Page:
Back in June, Charlotte, Annette and Alyssa from the Creative Services department volunteered on Patagonia time for Growing Solutions, a great non-profit doing native plant work on the Channel Islands just off the coast of Ventura. Charlotte sent us this story about their day away from the office.
Karen Flagg wrapped her hand around a stem of Nassella pulchra and with one sweep up the stalk, deftly stripped it of its tiny seeds. She dropped the small pinch of seeds in a paper sack, and patiently moved on to another stalk. She showed us how to do it – collect seeds from this native California plant commonly called Purple Needle Grass – with just the right amount of pinch and pull.
“We need them for the greenhouse,” she said, “but we obviously need to leave enough so this clump repopulates and stays where it is.”
Karen and her partner, Don Hartley, founded and operate Growing Solutions, a non-profit dedicated to the restoration and preservation of native plants in California. They have several plant nurseries in Santa Barbara and Ventura counties, where they propagate native species that are then transplanted to nearby restoration sites.
[The good times gang gets ready to build a plant nursery. Photo: Karen Flagg]
Three of us from Patagonia’s Ventura office volunteered a few days tohelp them with one of their newest projects: establish a native plantnursery on Santa Cruz Island, the largest of five islands that make upthe Channel Islands National Park (check out the Live Eagle Webcam), just afew miles and a one-hour ferryboat ride off Ventura’s coast. We swappedseed collecting duty for power tools and built a small shed that willbe used for potting plants, sorting seeds, and contemplating life whilesitting atop a composting toilet – one with a stunning view.
In a few seasons, Growing Solutions’ Santa Cruz Island nursery will beproducing plants that will be relocated to places around theapproximately 16-mile long island, slowly bringing back some semblanceof its pre-settlement natural state. It will be a decades’ longproject. Much of the island’s native flora and fauna was wrecked bydomestic sheep, goats and cows, who for decades roamed free on theisland eating native plants into oblivion and causing horrible erosion– in places, the hills lost up to several feet of topsoil, physicallyexposing root systems of huge trees to the wide open air.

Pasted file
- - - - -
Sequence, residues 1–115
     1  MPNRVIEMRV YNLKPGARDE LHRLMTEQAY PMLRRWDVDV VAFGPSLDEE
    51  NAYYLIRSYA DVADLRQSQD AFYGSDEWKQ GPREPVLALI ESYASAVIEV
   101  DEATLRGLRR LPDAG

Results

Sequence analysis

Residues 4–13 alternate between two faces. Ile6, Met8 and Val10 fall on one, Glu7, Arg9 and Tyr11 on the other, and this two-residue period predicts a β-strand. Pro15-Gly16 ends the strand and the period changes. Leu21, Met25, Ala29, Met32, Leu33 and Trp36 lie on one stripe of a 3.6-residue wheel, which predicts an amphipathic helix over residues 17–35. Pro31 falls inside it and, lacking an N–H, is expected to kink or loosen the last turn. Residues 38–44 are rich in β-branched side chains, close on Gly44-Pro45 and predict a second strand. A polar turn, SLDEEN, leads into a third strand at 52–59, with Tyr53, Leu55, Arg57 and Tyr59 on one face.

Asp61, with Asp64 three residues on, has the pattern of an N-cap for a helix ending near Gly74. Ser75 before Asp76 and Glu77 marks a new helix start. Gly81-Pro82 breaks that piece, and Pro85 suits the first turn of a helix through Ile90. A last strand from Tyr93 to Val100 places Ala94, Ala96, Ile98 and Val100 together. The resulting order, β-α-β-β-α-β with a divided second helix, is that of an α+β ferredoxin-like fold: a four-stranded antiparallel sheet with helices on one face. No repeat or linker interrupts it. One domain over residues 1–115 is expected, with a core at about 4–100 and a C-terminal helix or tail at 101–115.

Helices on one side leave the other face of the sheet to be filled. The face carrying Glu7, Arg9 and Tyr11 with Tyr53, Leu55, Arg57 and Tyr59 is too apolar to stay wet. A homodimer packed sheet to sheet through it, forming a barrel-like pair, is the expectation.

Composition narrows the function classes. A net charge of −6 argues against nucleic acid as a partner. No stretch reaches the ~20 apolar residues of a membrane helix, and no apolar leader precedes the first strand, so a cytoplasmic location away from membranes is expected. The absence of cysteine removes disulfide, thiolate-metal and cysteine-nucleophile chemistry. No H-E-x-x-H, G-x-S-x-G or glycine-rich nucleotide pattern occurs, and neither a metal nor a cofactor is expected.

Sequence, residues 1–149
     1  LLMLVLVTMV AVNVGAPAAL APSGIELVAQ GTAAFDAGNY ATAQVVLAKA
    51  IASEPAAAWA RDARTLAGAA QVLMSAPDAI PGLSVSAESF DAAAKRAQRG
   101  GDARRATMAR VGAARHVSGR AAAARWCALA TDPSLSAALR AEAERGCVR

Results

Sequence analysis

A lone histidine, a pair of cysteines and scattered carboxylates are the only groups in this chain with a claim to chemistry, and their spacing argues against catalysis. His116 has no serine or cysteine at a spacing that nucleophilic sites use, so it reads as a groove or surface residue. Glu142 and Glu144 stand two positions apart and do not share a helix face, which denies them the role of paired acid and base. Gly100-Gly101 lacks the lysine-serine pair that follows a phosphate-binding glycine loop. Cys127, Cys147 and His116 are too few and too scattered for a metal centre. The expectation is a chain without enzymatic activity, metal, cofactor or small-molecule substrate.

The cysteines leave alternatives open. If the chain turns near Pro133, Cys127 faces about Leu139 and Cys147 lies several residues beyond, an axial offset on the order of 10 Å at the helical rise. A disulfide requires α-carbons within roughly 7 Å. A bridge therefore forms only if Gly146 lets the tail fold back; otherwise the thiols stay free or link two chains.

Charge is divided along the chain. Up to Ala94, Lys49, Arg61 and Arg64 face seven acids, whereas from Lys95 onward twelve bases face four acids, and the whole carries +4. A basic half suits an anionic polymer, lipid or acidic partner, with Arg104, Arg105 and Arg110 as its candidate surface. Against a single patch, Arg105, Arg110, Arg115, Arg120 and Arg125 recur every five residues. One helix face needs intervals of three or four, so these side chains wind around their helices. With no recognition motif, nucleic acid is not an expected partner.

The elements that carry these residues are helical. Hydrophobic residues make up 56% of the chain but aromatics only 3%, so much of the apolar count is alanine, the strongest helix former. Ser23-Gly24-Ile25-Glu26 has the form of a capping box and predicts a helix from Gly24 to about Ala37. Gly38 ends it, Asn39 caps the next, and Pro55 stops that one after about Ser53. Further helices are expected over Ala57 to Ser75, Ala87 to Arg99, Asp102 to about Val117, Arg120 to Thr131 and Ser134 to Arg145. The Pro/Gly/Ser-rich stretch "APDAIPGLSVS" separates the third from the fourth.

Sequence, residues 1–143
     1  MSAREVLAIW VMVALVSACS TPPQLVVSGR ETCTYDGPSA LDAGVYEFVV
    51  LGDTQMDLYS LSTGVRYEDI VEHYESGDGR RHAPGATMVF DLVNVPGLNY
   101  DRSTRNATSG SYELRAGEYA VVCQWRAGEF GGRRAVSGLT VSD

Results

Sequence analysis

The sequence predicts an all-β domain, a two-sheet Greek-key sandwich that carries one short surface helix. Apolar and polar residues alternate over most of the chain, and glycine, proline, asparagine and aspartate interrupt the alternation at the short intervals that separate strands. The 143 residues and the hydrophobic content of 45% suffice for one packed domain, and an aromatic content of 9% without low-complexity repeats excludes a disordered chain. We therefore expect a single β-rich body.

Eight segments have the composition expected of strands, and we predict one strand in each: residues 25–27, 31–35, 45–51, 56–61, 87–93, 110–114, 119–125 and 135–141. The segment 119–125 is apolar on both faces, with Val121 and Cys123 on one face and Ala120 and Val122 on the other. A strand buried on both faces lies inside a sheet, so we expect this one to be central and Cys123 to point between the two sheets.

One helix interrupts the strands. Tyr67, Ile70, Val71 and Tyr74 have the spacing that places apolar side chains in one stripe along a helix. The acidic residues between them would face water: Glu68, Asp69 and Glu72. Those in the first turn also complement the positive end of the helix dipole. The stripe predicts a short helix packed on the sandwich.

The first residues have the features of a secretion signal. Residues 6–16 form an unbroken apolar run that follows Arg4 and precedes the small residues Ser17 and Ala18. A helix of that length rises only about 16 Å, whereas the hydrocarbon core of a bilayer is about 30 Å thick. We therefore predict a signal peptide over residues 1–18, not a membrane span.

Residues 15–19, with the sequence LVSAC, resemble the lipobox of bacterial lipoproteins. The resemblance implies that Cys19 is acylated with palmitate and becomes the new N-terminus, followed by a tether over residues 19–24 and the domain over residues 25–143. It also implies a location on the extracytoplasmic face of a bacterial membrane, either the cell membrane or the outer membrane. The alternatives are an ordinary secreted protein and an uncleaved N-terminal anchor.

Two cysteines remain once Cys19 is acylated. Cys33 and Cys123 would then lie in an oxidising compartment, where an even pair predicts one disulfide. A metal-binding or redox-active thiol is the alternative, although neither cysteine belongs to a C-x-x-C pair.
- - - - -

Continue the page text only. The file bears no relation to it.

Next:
Pigs were the worst, mainly because they’re smart and scrappy. They ateeverything, it seems, and reproduced in huge numbers long after humansgave up trying to do anything with them. Feral and fearless, they threwall sorts of natural processes on the island out of whack – of bothplants and animals – by rooting and just generally running amuck. Thedomestic animals have all been removed (or eradicated), and things areslowly beginning to turn around.
Today the island is overrun – in a good way – with researchers. In thefew days we were there, we met a soil scientist, North America’sforemost expert on lichens, two abalone researchers, and severalbotanists. They ask unending questions about the natural processes andinterconnectedness of species on the Channel Islands. We were just thegals slinging hammers, but for a few days we were a small part insomething monumental: the restoration of one the California coast’sgreat natural beauties.
Growing Solutions is a 501c (3) non-profit organization located in Santa Barbara County. They are dedicated to the restoration and preservation of California’s remarkable botanic wealth and rich diversity. Please consider supporting their work by becoming a member (members receive a 10% discount on all plants) or by volunteering like the girls from Patagonia.
[Photos: View of Santa Cruz Island from the boat; the Growing Solutions crew warms up the new nursery; lunch break on the island. All photos courtesy of Charlotte.]